Dear fellow wine students,
You are not alone. If you’re feeling “less than impressed” with your exam performance or on the nervous countdown until your next, questioning whether or not you’re good enough, why you’re here, and where you think you’re going in the world of wine—You are not alone.
I’ve been there. I’ve felt alone—felt like I’m the only person who didn’t figure out that wine, that flight, that essay question. Like I’ve spent money and hours studying and now all I can do is stew for 12 weeks thinking of all the ways I went wrong.
After my last exam, I cried. I cried from exhaustion and relief when it was over. I cried realizing how repetitive one of my essay questions turned out. I cried when they revealed the wines: I couldn’t look at a German Riesling—or any Riesling—without a sense of shame. (Is the wine judging me?)
After wiping the tears from my eyes, snot from my nose, and deciding that, no, that bottle of Riesling is not giving me the stink eye, I reached out to my advisors at the Napa Valley Wine Academy who assured me that I am not alone. That especially in wine, mistakes happen to the very best of us.
I passed my D3 exam, both theory, and tasting—with Merit in fact. But what I learned was to make sure I use that scratch piece of paper to craft a solid outline, in order to write more confidently (and less repetitively). What I learned is that—no, you don’t have to call all the wines correctly to receive a high tasting score and that the time I spent learning to write quick, accurate tasting notes and thorough arguments for my conclusions is worth more than knowing which anbaugebiete the Riesling is actually from.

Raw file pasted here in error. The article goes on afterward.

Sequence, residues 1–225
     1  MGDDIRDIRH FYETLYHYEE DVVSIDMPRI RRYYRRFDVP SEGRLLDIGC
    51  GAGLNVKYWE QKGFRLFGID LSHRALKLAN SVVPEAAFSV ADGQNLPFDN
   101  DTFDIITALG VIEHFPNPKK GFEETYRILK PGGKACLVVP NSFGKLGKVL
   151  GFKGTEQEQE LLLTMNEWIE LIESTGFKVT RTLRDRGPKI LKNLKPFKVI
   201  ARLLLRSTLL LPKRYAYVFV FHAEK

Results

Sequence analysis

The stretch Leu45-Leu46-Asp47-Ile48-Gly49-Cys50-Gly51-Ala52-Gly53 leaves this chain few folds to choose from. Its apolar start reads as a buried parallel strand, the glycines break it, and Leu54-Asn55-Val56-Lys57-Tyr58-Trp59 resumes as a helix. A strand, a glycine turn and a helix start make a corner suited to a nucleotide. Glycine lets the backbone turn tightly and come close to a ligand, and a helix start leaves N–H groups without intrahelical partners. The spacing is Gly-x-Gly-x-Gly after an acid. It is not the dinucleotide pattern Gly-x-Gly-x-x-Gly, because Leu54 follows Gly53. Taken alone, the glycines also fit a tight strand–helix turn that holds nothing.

So, this is for you, my downtrodden colleagues. This is the story of the best of us who have stumbled, fallen, and even failed just like the rest of us. You are not alone.
—Stacy Briscoe, wine journalist and editor, DipWSET Candidate
“In one Diploma exam, I had a question about Chablis. I knew Chablis in and out—I loved the wines as well as learning about the factors that influenced the various quality levels’ styles. I was feeling happy with my answer to that question, until, immediately following the exam, a colleague brought up Kimmeridgian soils. Of course, that is a major influence in the region, but I had failed to list one of the most obvious ones.